The BNSF Railway’s top passenger rail official promised Metra’s board of directors Wednesday that the railroad would eliminate the causes of overheated and overcrowded coach cars that had commuters boiling mad this summer.
The executive from the Fort Worth, Tex.-based railroad appeared to placate three Metra directors who were harshly critical of BNSF a month ago, and who were not buying the excuses put forth then by another BNSF official. BNSF operates the line under contract to Metra.
D.J. Mitchell, assistant vice president for BNSF passenger operations, said he and and a BNSF vice president for mechanical operations would soon meet with Metra officials and seek to prevent a recurrence of the “hot cars” with failed air conditioning on Metra’s BNSF line.?
“We’re going to sit down with the Metra folks and see why this happened,” Mitchell said. “We owe everyone, first and foremost our riders, to make sure we don’t have this happen next year.”
At one point this summer, there were 64 cars with chronic AC problems on the Metra line to Aurora.? Currently, Mitchell said, there were two hot cars in service and two in the shop being repaired.
“That is a significant improvement over a month ago,” Mitchell said.
The BNSF line is the busiest of Metra’s 11 lines, with 94 trains carrying 64,000 riders a day between Union Station and Aurora.
In addition, Mitchell said trains were now operating with the appropriate number of cars. One cause of recent overcrowding was that many cars were taken out of service for repairs. Mitchell? thanked Metra officials for shifting some spare cars to the BNSF to alleviate the problem.
Mitchell’s promises received a better reception than the excuses that the BNSF line’s mechanical chief, Sherwin Hudson, offered at Metra’s July board meeting. Hudson apologized for the problems but his attempt to explain the causes —? he cited a lack of repair shop time availability, a personnel shortage, and chronically clogged condensers on the AC units — failed to mollify three Metra board members who represent BNSF line riders. Each took a turn venting over conditions that stirred passengers’ ire.
Within the next 45 days, Mitchell said, officials would come up with a plan to address the overcrowding on the BNSF line.
Mitchell said BNSF will also seek to improve the line’s on-time performance, which has hovered around 91 percent, well below most of Metra’s other lines and below Metra’s stated goal of 95 percent. Mitchell said BNSF’s goal ought to be 97 percent. Metra considers a train on-time if it stays within six minutes of its schedule.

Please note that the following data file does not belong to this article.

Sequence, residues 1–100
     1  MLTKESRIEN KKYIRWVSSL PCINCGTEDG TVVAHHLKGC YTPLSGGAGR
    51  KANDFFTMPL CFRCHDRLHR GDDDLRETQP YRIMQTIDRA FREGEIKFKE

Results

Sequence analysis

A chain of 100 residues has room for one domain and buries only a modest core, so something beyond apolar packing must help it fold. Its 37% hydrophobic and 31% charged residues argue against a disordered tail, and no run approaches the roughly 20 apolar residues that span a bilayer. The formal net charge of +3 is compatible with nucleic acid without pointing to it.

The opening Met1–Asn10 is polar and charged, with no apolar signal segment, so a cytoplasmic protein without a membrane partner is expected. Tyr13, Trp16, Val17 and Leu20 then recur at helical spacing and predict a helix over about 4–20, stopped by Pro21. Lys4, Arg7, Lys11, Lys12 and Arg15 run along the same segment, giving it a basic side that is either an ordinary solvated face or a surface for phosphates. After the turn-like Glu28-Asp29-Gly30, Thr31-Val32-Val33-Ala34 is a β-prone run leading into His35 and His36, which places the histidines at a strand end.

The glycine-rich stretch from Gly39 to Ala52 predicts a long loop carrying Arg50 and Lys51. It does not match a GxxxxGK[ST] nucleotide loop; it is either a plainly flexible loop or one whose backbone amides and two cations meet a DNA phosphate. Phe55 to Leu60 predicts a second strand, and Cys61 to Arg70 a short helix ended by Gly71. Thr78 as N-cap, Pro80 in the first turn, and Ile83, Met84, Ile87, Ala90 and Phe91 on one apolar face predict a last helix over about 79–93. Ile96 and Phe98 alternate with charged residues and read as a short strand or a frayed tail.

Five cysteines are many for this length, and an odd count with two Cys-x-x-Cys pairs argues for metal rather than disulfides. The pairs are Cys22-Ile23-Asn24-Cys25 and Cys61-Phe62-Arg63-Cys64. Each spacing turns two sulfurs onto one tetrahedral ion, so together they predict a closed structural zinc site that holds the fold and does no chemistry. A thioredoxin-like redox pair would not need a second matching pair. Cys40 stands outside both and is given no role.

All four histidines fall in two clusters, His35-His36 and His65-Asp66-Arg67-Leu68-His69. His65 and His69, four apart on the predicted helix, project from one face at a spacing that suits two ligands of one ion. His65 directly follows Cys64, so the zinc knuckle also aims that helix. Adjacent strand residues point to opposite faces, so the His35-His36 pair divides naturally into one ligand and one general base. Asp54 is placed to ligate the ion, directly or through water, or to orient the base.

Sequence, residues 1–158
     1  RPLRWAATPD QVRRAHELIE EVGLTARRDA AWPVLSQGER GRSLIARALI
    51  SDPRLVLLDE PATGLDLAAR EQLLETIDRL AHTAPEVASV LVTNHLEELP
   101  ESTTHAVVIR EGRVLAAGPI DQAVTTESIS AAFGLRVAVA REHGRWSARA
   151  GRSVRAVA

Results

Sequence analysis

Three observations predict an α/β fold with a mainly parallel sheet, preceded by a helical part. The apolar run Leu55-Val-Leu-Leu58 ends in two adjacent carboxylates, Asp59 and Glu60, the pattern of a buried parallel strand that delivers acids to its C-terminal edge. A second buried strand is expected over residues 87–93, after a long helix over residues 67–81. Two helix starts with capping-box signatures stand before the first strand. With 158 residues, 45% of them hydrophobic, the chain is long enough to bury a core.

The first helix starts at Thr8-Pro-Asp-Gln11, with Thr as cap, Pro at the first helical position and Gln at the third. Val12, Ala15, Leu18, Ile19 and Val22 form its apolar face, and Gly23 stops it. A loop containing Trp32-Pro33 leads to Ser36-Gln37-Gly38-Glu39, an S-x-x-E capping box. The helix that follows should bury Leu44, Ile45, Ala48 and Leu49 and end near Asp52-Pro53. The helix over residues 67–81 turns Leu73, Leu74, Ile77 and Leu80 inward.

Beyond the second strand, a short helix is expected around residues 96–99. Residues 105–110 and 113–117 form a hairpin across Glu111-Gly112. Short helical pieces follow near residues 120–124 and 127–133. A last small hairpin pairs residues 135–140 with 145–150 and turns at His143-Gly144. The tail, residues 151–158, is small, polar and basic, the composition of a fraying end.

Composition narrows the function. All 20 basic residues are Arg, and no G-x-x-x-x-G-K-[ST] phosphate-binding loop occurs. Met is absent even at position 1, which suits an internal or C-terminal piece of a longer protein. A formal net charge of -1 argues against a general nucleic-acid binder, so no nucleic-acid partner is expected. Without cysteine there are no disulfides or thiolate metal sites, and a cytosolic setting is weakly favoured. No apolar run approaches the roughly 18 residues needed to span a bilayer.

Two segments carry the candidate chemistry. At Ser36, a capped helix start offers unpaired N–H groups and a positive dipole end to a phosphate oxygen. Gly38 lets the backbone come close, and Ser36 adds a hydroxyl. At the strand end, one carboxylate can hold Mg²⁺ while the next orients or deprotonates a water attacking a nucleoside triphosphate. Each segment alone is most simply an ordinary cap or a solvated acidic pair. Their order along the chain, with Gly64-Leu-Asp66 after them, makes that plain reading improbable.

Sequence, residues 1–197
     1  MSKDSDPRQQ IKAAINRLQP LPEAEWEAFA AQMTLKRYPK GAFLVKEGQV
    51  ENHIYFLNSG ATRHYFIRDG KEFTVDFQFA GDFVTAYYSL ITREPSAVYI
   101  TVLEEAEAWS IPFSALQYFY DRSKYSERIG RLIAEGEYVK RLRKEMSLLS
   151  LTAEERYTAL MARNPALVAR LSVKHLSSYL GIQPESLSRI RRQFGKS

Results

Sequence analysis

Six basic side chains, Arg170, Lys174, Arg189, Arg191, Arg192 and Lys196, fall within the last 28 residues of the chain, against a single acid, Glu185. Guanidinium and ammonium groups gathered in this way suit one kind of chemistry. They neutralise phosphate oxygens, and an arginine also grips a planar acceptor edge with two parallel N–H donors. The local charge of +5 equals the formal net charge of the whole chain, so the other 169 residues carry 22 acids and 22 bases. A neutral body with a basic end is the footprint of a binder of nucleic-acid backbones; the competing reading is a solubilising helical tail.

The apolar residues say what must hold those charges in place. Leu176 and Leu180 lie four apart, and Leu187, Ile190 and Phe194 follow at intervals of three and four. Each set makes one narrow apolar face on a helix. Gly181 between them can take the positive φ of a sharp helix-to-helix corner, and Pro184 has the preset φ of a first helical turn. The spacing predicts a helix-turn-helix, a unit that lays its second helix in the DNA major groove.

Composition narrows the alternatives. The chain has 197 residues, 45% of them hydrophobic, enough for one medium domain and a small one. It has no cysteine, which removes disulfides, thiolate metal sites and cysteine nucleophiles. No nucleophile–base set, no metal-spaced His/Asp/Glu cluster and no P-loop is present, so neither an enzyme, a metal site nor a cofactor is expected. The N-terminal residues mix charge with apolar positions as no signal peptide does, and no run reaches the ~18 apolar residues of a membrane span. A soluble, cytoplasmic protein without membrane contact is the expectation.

Mitchell also pointed out that certain BNSF trains are often more late than others. “We’re going to do a deep dive at specific trains,” he said.?
Metra board member Steven Messerli said he was grateful for Mitchell’s appearance, but admitted it “would have been very helpful to have had you here 30 or 60 days ago when these problems started.”
“It’s good to have somebody from high up on the ladder (at BNSF) to address some of the issues we’ve been facing, said Messerli, who represents Kane County.
Messerli said this summer has been an embarrassment for BNSF but that the responsibility for the railway’s poor service “has come to land on us.”
“I’m glad we have an action plan. We don’t want to play the blame game,” Messerli said.
Stephen Palmer of La Grange, who represents Southwest Cook County, echoed Messerli. “You should have been here last month when we had your guys on the ropes,” he said. “But I’m happy to hear what you said and I’m looking forward to see the results of what you’ve talked about here.”
John Zediker of Naperville, who represents DuPage County, said he’s heard criticism from his own daughter, who told him, “Dad, what is going on with the BNSF? …? You guys can’t run a train on time.”
Still, Zediker commended BNSF for “attacking the problem” and said the road to improvement was a “two-way street, and we have to do our part, too.”
“When (the BNSF) doesn’t run on time,” Zediker said, “I hear from most of the residents of Naperville.”
A version of this story appears on Trains magazine News Wire